Born out of a desire for an elegant and a well-structured website publishing system, WordPress was launched in 2003 by Matt Mullenweg and Mike Little. Since then, its growth has been nothing short of exponential. According to WordPress.com, WordPress is being used by around 30.2% of all websites.
All the front end designing and styling of a WordPress website is provided by the WordPress theme selected. Right from the fonts, colors, widget positioning to page layouts, a theme helps you manage it all. With thousands of free and paid themes to select from, choosing one that is best suited to your business can be intimidating.
A good theme should supplement your website content while not taking too long to load. Remember, you WordPress theme will decide how the users and search engines perceive your website. To learn how to install a theme in the right manner, check out this interesting post.
If you have a website with a lot of written content (blog/ news updates), then you would ideally need a theme that helps you increase the readability of content. A wrong choice can have dampening effects on the website experience and may also lead to reduced organic search visibility. Be judicious.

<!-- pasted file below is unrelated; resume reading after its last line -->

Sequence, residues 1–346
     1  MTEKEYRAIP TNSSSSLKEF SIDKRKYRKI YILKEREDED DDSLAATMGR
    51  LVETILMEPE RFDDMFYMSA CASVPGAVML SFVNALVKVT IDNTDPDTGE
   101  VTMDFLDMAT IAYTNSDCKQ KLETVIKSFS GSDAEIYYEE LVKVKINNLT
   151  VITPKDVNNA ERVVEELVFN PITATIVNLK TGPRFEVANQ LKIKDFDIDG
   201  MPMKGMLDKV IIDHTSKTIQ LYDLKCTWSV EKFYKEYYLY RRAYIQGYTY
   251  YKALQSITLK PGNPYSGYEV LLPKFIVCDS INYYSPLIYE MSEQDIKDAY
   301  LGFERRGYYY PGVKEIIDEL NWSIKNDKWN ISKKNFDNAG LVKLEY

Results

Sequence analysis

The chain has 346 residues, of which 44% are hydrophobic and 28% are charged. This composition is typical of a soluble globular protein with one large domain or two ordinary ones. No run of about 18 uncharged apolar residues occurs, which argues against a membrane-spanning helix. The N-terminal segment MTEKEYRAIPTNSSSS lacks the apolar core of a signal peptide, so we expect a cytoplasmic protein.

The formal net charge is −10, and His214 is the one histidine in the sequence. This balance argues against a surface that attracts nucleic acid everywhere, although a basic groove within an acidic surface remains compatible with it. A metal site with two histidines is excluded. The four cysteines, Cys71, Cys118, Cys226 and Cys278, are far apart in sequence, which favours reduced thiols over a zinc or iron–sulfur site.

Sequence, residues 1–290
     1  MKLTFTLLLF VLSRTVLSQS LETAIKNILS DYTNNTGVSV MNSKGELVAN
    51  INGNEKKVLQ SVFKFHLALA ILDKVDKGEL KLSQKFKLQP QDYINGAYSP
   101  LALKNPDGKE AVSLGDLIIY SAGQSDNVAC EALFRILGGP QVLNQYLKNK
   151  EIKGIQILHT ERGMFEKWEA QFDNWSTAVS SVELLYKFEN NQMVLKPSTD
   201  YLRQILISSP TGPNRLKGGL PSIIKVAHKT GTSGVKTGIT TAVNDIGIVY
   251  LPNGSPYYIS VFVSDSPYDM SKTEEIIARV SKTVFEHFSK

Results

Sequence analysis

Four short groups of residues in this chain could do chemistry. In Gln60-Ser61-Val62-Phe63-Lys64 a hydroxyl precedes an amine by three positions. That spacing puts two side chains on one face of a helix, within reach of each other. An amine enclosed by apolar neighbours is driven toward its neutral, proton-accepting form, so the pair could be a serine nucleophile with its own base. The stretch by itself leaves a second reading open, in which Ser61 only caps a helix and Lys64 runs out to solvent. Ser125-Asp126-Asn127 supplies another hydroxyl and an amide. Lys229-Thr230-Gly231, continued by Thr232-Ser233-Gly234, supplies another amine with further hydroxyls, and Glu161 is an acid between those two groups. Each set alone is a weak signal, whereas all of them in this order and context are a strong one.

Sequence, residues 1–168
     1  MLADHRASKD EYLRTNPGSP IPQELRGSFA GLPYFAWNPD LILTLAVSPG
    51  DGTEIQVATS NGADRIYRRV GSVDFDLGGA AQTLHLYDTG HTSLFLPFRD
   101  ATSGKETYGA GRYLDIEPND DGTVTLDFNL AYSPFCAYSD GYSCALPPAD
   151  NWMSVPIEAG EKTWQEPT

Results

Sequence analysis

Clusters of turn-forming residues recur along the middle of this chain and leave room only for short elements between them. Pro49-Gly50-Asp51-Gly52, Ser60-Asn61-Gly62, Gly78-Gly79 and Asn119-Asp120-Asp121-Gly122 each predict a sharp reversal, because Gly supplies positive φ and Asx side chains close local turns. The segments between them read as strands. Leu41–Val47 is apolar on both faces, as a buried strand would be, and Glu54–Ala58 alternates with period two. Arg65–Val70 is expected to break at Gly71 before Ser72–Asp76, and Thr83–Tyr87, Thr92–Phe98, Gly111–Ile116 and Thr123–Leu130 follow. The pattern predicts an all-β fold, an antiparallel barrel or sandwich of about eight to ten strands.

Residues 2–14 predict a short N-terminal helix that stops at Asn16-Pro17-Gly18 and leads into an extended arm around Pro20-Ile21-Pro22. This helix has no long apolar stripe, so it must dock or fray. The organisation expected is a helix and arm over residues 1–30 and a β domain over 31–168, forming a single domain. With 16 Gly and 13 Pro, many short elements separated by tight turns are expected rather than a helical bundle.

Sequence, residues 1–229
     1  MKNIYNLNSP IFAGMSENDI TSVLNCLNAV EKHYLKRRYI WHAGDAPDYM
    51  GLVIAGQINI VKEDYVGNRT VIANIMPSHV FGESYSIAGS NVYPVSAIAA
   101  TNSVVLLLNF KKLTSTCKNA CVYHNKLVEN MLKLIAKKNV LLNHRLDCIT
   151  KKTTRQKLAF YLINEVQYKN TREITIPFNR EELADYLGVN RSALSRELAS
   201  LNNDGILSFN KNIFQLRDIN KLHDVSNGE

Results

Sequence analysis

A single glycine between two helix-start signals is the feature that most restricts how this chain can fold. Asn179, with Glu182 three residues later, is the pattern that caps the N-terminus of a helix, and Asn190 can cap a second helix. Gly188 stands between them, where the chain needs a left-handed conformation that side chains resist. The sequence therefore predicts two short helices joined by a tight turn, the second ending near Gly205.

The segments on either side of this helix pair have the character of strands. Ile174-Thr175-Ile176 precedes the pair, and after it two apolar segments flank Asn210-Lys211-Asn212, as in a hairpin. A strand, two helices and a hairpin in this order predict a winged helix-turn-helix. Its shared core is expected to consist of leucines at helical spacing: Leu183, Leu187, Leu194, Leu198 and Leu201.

Here are 3 essential features your WordPress theme should have:
- Plugin Support: The way it is designed, WordPress packs a punch due to the plugins offered. These are those magic wands that helps you do absolutely everything with your WordPress website. And these plugins may/ may not be supported by every theme. Hence, it is important to ensure that the theme selected by you supports at least the popular plugins.
- Mobile optimized (Responsive) and multi-browser compatible: While most WordPress themes are responsive and multi-browser compatible, it is prudent to ensure that the theme selected by you is mobile optimized and works well with major browsers like Chrome, Internet Explorer, Firefox, Safari, etc. Mobile usability is gaining a lot of importance not only from a usability standpoint, but even from a SEO perspective. Google has announced that they are moving to a Mobile First Indexation model, which means if the website is not mobile friendly, it can severely affect the organic search visibility of your website.
Another element that might be useful, especially to beginners is the availability of support. It is important to note that not all theme developers provide support. If you run into a problem, then you might have to either solve it yourself or spend money to hire a developer to solve it for you. Another good alternative would also be to host your WordPress website on Managed WP Hosting where the WordPress Hosting provider’s dedicated account managers will assist in taking care of the technical and management tasks including plugin and theme management of your WordPress website.
Hope this helps, and if you have any follow up questions or thoughts, please feel free to mention them in the comments section below.